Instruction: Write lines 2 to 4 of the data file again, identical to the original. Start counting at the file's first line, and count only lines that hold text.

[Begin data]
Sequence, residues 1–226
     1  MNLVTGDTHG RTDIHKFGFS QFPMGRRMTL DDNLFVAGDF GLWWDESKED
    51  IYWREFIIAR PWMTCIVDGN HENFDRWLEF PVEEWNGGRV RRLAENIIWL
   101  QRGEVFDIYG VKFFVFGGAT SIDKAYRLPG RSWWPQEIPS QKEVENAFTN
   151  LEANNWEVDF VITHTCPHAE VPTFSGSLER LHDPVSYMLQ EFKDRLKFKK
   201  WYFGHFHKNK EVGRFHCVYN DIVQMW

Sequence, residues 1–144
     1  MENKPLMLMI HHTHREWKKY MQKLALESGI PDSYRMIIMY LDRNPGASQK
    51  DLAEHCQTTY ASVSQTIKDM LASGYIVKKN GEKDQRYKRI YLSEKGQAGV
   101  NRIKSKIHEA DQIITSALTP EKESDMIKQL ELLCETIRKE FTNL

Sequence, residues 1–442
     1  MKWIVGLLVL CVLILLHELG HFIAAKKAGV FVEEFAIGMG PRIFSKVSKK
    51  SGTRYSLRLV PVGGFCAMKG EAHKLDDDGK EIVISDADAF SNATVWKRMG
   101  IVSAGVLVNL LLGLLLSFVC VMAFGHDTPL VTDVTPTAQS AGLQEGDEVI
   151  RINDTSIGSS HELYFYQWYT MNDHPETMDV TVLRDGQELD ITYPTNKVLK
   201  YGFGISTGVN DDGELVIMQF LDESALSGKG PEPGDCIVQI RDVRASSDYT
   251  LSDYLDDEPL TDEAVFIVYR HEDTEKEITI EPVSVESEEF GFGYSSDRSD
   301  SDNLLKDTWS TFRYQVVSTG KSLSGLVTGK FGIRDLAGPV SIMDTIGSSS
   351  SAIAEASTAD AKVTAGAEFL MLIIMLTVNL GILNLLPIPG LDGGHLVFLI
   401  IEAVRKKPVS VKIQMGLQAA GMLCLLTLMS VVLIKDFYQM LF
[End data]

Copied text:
     1  MNLVTGDTHG RTDIHKFGFS QFPMGRRMTL DDNLFVAGDF GLWWDESKED
    51  IYWREFIIAR PWMTCIVDGN HENFDRWLEF PVEEWNGGRV RRLAENIIWL
   101  QRGEVFDIYG VKFFVFGGAT SIDKAYRLPG RSWWPQEIPS QKEVENAFTN